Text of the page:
We have commented on the nascent effort to challenge the growing political power of the Working Families Party-and observed that any such effort needs to transcend a real estate and landlord paternity. But there's another necessary ingredient to this challenge-and to really being able to alter the political landscape in the state.
That ingredient is an accurate diagnosis of what it is that actually ails New York's body politics; because the diagnosis is the key to devising the curative strategy. Ray Keating's article in the NY Post last week, gives us a solid start in the right direction. Keating dramatizes the state's abysmal economic climate, and by doing so underscores where a movement for change needs to start.
Keating begins with this sober analysis: "It's no secret what drives innovation, economic growth and job creation forward: It's entrepreneurs and investors taking risks and starting up, investing in and building businesses. New York policymakers often talk a good game about all this -- but over the years they've worked hard to make the state one of the most inhospitable places in the nation to invest and do business. Just consider what state lawmakers did this year. Facing huge budget deficits and a grim economy, they recklessly jacked up government spending and imposed big tax hikes -- including higher tax rates on upper-income individuals who tend to be business owners and investors and a new payroll tax on businesses to feed the MTA."
This inhospitable climate for business has a ripple effect throughout the state-and really makes it difficult for New York's real working families constituency to have the quality of life that they deserve-because the funds needed to feed Leviathan don't all come from the wealthy, not by any means: "The state, for example, imposes the sixth-highest personal-income-tax rate, the fifth-highest individual capital-gains-tax rate, the seventh-highest property-tax burden, the second-highest gas tax and the fourth-highest diesel tax. New York's corporate-income and capital-gains taxes are also weighty, as are its consumption-based taxes."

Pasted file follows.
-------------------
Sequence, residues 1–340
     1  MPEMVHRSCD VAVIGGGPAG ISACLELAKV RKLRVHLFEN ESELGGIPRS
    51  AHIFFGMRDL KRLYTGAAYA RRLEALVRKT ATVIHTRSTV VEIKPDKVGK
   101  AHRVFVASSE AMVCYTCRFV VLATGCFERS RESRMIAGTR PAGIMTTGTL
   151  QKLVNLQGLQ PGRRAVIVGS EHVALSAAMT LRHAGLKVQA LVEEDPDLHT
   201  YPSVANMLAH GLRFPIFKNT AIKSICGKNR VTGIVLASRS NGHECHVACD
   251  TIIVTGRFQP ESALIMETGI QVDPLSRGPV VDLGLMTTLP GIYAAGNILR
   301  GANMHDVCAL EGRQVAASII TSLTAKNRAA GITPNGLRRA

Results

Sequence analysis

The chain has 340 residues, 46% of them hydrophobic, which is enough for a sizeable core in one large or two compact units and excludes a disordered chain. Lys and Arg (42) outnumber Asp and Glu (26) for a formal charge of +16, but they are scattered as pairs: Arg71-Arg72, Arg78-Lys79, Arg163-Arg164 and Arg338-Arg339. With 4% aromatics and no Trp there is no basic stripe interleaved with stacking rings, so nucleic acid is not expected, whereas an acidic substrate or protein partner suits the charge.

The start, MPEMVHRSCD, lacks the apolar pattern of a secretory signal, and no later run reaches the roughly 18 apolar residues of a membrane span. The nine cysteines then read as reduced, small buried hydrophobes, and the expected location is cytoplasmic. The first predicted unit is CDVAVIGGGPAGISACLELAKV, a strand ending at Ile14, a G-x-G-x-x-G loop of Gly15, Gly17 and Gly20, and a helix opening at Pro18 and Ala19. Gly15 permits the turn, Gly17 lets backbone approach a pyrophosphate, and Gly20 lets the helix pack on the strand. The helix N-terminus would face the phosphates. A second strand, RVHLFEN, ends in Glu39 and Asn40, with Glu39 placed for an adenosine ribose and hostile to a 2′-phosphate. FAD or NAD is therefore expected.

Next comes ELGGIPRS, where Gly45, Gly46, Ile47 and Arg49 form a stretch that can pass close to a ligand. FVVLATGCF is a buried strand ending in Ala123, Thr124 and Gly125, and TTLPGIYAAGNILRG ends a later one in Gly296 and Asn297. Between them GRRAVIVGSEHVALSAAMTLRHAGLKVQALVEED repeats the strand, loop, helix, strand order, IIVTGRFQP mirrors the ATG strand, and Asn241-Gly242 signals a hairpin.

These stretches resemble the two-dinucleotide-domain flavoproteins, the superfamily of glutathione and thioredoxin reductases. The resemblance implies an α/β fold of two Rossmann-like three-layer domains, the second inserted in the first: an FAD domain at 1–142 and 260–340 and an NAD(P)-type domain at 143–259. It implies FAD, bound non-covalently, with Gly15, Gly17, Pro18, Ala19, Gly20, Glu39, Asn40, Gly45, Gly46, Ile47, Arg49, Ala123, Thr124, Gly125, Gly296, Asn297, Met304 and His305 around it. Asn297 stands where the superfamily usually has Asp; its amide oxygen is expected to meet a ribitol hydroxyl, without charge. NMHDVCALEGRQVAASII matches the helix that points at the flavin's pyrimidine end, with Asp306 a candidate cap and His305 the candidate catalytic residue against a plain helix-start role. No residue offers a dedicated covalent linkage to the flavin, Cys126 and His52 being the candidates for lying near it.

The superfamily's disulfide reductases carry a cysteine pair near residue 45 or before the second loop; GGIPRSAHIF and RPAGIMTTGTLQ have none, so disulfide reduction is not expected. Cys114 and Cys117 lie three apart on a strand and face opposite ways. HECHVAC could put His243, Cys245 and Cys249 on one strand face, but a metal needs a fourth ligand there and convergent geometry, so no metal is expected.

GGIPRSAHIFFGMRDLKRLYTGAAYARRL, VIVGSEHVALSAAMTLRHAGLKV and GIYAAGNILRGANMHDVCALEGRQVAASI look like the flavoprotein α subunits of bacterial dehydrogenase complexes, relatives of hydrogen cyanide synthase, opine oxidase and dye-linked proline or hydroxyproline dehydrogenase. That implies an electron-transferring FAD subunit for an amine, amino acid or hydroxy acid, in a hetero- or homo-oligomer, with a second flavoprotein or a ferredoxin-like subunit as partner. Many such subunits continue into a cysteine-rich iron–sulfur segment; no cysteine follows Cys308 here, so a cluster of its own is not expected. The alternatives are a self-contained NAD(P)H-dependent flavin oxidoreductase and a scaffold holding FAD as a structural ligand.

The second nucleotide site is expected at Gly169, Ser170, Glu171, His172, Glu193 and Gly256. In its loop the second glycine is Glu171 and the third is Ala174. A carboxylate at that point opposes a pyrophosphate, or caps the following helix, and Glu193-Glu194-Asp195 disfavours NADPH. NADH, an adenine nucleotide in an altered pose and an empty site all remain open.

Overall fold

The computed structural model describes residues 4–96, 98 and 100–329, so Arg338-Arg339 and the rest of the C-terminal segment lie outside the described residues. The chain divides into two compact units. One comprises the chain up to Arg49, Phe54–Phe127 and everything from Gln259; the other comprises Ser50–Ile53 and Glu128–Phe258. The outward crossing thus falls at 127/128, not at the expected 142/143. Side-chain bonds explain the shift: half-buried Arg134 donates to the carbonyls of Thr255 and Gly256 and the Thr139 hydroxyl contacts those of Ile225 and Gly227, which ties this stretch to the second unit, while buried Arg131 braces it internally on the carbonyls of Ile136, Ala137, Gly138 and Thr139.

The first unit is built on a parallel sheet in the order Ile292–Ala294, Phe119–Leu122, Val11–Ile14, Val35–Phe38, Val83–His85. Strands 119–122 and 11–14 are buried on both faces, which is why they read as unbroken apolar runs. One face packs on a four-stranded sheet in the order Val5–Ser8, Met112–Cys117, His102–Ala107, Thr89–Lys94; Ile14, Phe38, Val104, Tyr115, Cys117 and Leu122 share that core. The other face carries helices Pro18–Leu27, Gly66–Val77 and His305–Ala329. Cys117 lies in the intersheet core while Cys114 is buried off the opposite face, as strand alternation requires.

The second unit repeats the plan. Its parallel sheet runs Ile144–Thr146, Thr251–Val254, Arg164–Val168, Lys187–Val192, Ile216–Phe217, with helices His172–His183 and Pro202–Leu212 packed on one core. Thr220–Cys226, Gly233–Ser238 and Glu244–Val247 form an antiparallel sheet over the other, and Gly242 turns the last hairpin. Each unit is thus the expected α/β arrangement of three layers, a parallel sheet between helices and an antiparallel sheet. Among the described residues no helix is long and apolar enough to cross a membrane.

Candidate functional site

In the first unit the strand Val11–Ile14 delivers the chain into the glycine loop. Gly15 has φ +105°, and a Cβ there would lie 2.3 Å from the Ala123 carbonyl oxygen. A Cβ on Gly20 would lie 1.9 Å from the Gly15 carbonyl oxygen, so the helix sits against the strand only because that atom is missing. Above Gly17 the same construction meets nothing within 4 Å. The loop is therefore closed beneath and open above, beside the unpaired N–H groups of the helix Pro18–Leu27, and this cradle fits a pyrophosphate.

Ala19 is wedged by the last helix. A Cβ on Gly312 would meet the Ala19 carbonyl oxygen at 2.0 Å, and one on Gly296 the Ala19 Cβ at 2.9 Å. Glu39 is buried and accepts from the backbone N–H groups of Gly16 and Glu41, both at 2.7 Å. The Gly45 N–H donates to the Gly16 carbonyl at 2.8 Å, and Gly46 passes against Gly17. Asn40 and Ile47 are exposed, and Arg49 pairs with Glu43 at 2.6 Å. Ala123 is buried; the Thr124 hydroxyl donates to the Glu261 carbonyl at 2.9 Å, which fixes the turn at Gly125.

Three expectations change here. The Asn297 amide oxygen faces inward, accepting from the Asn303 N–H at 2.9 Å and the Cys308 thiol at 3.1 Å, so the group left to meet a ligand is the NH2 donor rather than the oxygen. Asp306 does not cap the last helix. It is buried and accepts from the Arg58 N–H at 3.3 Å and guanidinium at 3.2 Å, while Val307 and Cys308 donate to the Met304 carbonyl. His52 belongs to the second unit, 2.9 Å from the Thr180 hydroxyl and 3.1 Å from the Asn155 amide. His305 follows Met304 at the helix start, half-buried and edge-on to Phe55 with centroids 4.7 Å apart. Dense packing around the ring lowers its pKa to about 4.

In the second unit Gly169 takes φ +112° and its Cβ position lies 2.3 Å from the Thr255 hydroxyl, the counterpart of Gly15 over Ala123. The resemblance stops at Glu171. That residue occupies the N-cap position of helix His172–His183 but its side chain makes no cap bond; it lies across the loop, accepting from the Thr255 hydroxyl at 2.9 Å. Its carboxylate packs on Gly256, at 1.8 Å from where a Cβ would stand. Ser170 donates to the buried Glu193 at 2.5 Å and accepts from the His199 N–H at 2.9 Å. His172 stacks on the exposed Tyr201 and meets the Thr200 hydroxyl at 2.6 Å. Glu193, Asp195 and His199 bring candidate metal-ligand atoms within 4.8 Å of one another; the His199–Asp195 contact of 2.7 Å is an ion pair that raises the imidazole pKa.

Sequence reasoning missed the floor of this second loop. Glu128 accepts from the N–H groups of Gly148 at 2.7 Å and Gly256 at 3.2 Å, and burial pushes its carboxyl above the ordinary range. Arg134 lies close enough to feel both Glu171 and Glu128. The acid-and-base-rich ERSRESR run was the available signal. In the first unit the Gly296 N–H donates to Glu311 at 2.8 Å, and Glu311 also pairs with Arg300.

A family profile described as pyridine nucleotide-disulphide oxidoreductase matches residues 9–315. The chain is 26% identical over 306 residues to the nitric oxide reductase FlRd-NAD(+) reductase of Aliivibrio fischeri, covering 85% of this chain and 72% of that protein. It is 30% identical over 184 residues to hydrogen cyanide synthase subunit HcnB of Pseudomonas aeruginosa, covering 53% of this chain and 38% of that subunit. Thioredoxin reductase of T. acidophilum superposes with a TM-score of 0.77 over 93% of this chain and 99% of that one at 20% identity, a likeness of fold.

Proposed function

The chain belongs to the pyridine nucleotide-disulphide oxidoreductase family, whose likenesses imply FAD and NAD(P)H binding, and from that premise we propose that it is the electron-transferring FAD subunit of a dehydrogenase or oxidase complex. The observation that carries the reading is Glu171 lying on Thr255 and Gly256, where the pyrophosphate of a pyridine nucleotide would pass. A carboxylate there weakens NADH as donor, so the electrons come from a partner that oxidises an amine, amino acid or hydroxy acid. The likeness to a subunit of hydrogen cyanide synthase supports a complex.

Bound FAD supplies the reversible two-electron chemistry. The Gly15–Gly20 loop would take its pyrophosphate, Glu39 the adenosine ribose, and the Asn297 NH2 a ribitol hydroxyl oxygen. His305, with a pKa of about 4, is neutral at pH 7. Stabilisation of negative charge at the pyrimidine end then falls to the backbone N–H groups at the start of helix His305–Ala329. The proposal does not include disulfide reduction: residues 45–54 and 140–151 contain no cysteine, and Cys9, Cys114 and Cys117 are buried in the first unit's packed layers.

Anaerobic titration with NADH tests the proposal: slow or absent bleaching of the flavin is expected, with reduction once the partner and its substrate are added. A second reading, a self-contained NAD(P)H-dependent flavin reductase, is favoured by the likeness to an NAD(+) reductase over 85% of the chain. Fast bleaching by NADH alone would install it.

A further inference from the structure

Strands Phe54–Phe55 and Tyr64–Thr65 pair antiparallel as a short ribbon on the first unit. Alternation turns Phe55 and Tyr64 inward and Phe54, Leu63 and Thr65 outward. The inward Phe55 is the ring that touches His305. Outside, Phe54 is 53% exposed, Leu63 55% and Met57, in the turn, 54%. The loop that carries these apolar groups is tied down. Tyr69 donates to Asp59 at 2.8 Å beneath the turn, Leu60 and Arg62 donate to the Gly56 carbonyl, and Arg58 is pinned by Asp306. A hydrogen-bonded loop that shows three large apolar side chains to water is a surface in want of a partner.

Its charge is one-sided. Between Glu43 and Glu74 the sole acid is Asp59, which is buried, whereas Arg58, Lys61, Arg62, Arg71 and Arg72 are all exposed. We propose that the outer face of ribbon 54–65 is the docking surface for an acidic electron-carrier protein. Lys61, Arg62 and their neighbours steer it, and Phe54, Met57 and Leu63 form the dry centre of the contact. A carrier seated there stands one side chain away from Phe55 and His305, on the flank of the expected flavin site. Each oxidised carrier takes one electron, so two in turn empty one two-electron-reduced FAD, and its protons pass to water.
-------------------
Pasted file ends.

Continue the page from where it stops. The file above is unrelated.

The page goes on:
So every one must pony up-and the cost of living and the cost of doing business are inextricably linked to the political culture in the state that has nurtured the growing government apparatus. The result has been dramatic-with tens of thousands of middle income and high wage earners voting with their feet. But this is the culture that the WFP nurtures and extols in its permanent class warfare.
However, in order to change the political dynamic that allows the WFP to wag the Democratic dog and snare an out sized political role, change must be generated-not from an elite top down base-but from the bottom up. REBNY, meet Saul Alinsky.
As we have pointed out before: "There is a groundswell of opposition to WFP policies that is ready to be mobilized. By it needs to get out of the suites and into the streets. The power of the Tea Party movement has devolved from its anti-elitism and genuine grass roots base. It is this vein that needs to be tapped-one that is genuinely populist and small business oriented as well."
And the real estate folks will find some political common ground-along with a degree of ideological compatibility-in this kind of grass roots movement. Compatibility doesn't mean lock step though. There is a deep suspicion of elites that will animate this kind of effort, but if some of the elites who are most dissatisfied with the status quo see the wisdom of allying with the folks, than they will see some real changes that will also accrue to their own benefit. Their real challenge will be letting go; and ceding control to more populist elements.
The rewards, however, can be substantial-as Keating's litany of costly government mandates makes clear: "Entrepreneurs face especially high costs in New York City and its surrounding suburbs. The city piles on with added personal-income, corporate-income, unincorporated-income and capital-gains taxes, for example. And Nassau, Suffolk and Westchester counties impose some of the highest property-tax burdens in the nation. Add all of this up, and New York's policies scream at entrepreneurs and investors to build businesses and create jobs somewhere else -- almost anywhere else."
And what's the result of these policies? The exodus that we alluded to: "As it turns out, New York's biggest export in recent decades has been people. In terms of net domestic migration (that is, movement of people between the states, excluding births, deaths and international migration), from 2000 to 2008, New York ranked as the nation's top exporter of people, registering a loss of 1.6 million. People both follow and create economic opportunity. It should be no surprise, given New York's dismal business climate, that so many are seeking and creating opportunities elsewhere."
So, in order to challenge the WFP, any change agent needs to develop a competing narrative that deconstructs the big government, high tax mantra that animates the WFP and its labor allies. But importantly, the narrative needs a political base in order to be effectively activated. If this happens, change is definitely possible.
We'll give Keating the last word on this possibility: "But this "climate" is not beyond human control -- it's created by bad decisions made by elected officials. And if they won't change their ways, the public can change them."